TV on the Radio
Fillmore Miami Beach
Tuesday, October 25, 2011
Better Than: Being blinded by Nine Types of Light.
On the one hand, this past year's been a really tough one for arty Brooklyn indie band TV on the Radio.
In June, the quintet became a quartet when bassist Gerard Smith died at 36 years old after a battle with lung cancer. And even though Smith wasn't part of TVOTR's touring lineup at the time of his death, he had been a significant contributor to the band's last three albums -- Return to Cookie Mountain, Dear Science, and Nine Types of Light -- and his sad, premature passing caused a string of concerts to be canceled, turning several months on the road into a yearlong odyssey shaded with sadness.
On the other hand, though, 2011's been packed with plenty of joy and triumph too. The band's most recent record, Nine Types of Light, was released back in February to generally giddy acclaim from both fans and the music nerd establishment, rising to the 12th spot on American charts and scoring top grades from critics at the A.V. Club, Village Voice, Rolling Stone, NME, and Pitchfork.
Now nearing the end of a forever unspooling US tour schedule, last night's show at the Fillmore Miami Beach was another flicker and flash in TVOTR's long, complicated, and potentially great 2011.
The evening began with a set of melodramatic post-rock from opening band Sorne. Hailing from Austin, Texas, the trio toyed with modern tribalism, pseudo-classical pop, and theatrical art-rock, using only a drum kit, human voice, and a mess of electronics.
The most interesting (though not necessarily good) part of Sorne's set was its singer and namesake, Morgan Sorne, whose vocal schizophrenia had him playing six or seven different parts in a one-man drama. From one minute to the next, he sounded like Michael Jackson at his angriest, Freddy Mercury at his airiest, or Antony of the Johnsons with a clear throat.
Overall, it was pretty and polished. But it also felt like the right time to go get another beer.
An hour later, however, it was finally time to shove our way to the foot of the stage. The room went black. A dark backdrop flecked with stars fell from the rafters, unfolding from ceiling to floor. And a couple of thousand other fans followed behind us, half-drunkenly pushing their way toward the stage as the guys of TV on the Radio -- endlessly smiling Tunde Adebimpe, bubble-bearded Kyp Malone, bespectacled Dave Sitek, and dread-headed Jaleel Bunton -- emerged.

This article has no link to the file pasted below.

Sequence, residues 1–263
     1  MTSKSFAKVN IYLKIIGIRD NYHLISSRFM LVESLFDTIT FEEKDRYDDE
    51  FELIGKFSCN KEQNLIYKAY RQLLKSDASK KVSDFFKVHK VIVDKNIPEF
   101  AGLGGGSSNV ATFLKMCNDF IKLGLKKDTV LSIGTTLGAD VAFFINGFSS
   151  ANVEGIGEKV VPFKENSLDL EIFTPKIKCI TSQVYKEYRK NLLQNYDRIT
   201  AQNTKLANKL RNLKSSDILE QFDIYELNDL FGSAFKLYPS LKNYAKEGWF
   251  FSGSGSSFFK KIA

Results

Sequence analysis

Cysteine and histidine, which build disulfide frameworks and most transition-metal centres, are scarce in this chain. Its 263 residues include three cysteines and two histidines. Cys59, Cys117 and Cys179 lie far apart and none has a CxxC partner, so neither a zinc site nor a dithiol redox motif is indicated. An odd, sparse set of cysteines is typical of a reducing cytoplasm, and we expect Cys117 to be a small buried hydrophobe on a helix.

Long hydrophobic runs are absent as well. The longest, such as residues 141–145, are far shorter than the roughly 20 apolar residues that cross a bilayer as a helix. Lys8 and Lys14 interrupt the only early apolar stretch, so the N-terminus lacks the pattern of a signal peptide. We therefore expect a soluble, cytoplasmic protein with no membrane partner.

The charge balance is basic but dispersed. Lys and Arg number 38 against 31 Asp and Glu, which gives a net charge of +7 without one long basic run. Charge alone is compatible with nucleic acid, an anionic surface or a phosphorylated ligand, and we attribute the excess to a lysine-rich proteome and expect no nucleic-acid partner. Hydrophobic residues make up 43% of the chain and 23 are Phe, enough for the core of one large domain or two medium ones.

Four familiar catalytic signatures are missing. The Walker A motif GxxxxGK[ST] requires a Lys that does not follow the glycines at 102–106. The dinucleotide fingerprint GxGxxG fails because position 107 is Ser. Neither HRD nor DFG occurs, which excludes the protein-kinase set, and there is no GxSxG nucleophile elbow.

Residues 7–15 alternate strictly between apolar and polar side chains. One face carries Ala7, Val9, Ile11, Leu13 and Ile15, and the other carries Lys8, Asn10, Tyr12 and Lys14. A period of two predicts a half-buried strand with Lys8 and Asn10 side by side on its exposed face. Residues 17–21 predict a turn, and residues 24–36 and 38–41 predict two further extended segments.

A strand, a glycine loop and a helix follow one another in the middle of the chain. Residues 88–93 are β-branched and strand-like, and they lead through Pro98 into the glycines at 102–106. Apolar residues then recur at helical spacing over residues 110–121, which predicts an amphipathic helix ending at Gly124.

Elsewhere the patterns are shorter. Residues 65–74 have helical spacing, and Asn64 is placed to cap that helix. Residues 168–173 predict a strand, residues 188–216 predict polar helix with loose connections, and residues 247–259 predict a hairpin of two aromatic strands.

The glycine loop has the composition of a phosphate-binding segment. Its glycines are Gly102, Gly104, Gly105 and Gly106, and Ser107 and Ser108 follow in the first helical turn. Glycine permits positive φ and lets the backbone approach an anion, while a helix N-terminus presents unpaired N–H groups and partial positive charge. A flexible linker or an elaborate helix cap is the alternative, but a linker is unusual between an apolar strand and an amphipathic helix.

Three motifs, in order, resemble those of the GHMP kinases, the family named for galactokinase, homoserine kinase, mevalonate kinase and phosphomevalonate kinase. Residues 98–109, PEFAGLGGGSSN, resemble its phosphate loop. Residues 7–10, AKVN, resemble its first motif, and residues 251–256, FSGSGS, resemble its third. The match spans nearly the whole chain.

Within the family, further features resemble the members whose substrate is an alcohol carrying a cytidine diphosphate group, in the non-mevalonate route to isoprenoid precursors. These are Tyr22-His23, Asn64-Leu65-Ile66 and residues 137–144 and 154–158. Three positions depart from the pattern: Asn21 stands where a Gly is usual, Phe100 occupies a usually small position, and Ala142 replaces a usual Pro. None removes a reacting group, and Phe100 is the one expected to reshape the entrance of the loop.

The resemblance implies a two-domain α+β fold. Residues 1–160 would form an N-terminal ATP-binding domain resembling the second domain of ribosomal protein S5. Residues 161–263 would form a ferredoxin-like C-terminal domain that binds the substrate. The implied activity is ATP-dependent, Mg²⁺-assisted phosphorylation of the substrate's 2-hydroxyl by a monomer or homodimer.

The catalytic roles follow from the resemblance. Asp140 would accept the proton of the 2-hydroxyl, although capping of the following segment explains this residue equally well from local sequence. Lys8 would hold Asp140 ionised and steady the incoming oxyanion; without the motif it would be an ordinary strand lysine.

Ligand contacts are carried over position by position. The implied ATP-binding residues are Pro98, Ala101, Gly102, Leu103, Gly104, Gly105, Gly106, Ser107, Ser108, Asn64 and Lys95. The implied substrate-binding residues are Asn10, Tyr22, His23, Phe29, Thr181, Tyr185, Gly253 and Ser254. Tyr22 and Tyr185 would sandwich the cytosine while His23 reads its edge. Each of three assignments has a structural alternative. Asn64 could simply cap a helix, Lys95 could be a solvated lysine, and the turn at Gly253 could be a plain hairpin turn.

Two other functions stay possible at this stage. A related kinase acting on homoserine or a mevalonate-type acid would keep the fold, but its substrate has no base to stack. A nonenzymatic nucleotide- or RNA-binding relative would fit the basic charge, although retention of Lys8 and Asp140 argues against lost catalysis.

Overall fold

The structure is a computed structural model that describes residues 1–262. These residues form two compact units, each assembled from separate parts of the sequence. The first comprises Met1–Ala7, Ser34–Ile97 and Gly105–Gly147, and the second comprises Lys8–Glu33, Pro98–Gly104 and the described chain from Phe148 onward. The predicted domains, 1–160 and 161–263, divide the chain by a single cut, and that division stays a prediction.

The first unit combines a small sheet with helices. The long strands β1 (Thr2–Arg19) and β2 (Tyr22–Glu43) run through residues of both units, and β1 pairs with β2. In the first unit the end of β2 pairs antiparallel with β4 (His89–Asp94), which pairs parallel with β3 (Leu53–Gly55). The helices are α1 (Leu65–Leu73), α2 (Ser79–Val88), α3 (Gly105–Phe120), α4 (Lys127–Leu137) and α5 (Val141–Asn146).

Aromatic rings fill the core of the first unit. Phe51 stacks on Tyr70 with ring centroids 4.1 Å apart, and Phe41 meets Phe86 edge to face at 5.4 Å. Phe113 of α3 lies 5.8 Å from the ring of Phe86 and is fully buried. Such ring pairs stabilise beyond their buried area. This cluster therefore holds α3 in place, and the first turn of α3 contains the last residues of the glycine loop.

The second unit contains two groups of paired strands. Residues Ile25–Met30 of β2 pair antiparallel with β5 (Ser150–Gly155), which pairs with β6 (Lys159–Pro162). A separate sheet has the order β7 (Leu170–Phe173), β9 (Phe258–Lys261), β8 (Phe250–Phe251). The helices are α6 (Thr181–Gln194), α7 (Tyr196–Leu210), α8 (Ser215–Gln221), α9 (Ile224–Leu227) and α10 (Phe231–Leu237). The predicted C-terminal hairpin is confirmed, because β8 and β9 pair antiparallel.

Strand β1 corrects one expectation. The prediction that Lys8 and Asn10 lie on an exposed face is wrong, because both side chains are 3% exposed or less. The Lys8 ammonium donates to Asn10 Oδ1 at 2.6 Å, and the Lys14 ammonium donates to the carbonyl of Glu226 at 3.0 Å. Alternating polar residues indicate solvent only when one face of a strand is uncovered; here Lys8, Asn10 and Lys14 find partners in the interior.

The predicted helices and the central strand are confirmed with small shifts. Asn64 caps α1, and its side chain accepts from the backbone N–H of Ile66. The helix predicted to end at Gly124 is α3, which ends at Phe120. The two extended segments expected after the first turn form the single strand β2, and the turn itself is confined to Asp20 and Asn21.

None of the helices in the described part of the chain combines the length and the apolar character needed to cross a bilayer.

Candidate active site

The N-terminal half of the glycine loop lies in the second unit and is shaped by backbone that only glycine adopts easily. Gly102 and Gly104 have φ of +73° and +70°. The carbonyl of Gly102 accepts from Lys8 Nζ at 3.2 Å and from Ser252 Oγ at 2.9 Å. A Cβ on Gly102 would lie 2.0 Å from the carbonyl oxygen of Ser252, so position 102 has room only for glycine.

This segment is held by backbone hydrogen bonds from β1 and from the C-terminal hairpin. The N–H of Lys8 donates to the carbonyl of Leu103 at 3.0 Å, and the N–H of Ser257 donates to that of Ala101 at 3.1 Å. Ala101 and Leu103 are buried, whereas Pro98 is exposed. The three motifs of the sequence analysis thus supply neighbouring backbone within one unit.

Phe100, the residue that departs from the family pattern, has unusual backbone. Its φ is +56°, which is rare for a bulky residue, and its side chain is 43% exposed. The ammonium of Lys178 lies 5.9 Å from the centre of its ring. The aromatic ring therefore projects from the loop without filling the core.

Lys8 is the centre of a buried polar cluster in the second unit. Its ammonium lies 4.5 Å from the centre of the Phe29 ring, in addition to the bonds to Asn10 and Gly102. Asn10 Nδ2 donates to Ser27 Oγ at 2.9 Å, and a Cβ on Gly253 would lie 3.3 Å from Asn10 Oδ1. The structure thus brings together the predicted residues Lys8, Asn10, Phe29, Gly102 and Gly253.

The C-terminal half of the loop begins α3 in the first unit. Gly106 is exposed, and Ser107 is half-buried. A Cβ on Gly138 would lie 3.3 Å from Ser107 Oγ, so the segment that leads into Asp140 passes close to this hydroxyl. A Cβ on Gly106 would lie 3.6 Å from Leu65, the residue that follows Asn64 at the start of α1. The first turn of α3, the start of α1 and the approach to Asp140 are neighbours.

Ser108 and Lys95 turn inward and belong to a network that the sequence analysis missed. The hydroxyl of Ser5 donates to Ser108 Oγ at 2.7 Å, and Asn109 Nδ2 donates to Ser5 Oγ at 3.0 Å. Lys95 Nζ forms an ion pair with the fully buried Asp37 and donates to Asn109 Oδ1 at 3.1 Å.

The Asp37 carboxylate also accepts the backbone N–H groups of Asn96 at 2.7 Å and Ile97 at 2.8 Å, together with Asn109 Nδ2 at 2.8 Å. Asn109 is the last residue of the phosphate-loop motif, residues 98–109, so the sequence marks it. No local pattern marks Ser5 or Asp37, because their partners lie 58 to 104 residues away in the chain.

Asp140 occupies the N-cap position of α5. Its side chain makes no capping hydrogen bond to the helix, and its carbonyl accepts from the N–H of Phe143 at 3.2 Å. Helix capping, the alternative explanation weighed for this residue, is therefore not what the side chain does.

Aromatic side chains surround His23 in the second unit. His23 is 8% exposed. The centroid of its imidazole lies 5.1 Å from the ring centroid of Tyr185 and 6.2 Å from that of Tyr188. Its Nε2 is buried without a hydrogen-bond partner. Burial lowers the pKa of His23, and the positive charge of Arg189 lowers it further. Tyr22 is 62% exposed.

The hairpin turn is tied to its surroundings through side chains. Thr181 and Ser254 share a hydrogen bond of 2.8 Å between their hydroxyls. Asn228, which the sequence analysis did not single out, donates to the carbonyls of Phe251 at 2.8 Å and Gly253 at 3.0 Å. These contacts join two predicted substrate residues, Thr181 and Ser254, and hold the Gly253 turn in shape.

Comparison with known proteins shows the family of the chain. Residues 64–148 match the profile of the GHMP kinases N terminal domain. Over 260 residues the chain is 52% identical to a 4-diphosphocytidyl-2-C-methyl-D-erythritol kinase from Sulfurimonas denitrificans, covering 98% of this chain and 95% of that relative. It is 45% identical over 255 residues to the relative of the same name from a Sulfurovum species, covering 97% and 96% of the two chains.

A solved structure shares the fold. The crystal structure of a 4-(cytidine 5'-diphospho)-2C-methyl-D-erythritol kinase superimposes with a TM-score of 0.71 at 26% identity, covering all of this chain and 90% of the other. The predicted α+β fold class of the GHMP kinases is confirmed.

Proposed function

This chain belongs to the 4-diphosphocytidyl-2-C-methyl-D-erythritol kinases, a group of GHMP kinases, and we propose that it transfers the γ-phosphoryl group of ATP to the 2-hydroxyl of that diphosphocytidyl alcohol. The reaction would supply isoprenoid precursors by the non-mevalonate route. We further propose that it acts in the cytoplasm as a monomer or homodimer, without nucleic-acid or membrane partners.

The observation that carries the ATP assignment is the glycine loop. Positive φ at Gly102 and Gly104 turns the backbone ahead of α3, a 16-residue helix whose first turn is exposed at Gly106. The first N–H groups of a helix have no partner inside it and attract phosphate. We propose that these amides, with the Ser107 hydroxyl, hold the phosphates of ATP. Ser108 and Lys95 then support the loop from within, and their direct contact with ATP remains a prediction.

Taking their places and snatching up mike, guitars, and drums, Adebimpe, Malone, Sitek, and Bunton set out on a fast, tight spiral through an intial blast of tracks ("Halfway Home," "The Wrong Way," "Caffeinated Consciousness," and "Second Song") skipping from 2009's stellar Dear Science, back to 2004's Desperate Youth, Blood Thirsty Babes, and then forward to this year's Nine Types of Light.
Now despite Crossfade's hyped-up, pre-show babble about the danger of being blinded and deafened by the sheer force of TV on the Radio's sensory assault, last night's performance was a pretty mellow affair. Our recommended UV-shield sunglasses and silicone earplugs proved totally unnecessary.
We only really needed a little medical-grade marijuana for basking and vibing. Our naked corneas were perfectly capable of dealing with the hazy, shifting red, purple, and aqueous green stage lights and our unprotected cochleas were tough enough to withstand the gentle volume of "Golden Age," "Red Dress," and "Repetition."
But while we didn't have our eyes, ears, or minds blown by TVOTR, there were a few frenzied moments that punctuated the performance, causing fans to momentarily shriek, flail enthusiastically, and generally freak out. They shook ass like they were having a seizure for "Dancing Choose." They swooned for "Young Liars." And they turned red-eyed, blood-hungry for the show closer, a fiendish, sprinting take of that sing-along ode to lycanthropes, "Wolf Like Me."
That was the end. Of course, though, the true TV on the Radio devotees weren't satisfied. So they held dancing Zippo flames, lit-up cell phones, to the sky, shouted and howled until TV on the Radio slipped back onto the stage, snatched up their gear again, and gave them ten extra minutes -- "Forgotten" and "Satellite" --of flicker and flash.
The Crowd: Comfortably cool people of all kinds, from ancient hippies to middle-aged indie slobs, young hot hipsters, and even this one pregnant woman in a Sonic Youth maternity tee.
TV on the Radio's Setlist
-"The Wrong Way"
-"Staring at the Sun"
-"Wolf Like Me"
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